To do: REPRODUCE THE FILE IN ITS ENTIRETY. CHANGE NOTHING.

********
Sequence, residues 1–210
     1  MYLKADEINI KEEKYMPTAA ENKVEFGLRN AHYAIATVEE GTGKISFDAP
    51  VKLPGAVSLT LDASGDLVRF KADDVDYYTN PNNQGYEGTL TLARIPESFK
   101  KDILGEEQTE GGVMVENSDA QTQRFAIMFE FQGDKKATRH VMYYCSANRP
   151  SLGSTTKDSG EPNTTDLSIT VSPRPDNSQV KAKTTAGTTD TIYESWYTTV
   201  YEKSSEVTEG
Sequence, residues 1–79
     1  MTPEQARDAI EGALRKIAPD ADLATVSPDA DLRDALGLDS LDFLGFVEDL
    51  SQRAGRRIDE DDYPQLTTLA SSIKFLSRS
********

Sequence, residues 1–210
     1  MYLKADEINI KEEKYMPTAA ENKVEFGLRN AHYAIATVEE GTGKISFDAP
    51  VKLPGAVSLT LDASGDLVRF KADDVDYYTN PNNQGYEGTL TLARIPESFK
   101  KDILGEEQTE GGVMVENSDA QTQRFAIMFE FQGDKKATRH VMYYCSANRP
   151  SLGSTTKDSG EPNTTDLSIT VSPRPDNSQV KAKTTAGTTD TIYESWYTTV
   201  YEKSSEVTEG
Sequence, residues 1–79
     1  MTPEQARDAI EGALRKIAPD ADLATVSPDA DLRDALGLDS LDFLGFVEDL
    51  SQRAGRRIDE DDYPQLTTLA SSIKFLSRS